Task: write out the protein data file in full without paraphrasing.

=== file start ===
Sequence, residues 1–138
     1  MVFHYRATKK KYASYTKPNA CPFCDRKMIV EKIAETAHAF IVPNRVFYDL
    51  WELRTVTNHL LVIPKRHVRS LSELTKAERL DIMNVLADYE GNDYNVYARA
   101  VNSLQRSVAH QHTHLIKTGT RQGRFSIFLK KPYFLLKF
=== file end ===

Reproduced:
Sequence, residues 1–138
     1  MVFHYRATKK KYASYTKPNA CPFCDRKMIV EKIAETAHAF IVPNRVFYDL
    51  WELRTVTNHL LVIPKRHVRS LSELTKAERL DIMNVLADYE GNDYNVYARA
   101  VNSLQRSVAH QHTHLIKTGT RQGRFSIFLK KPYFLLKF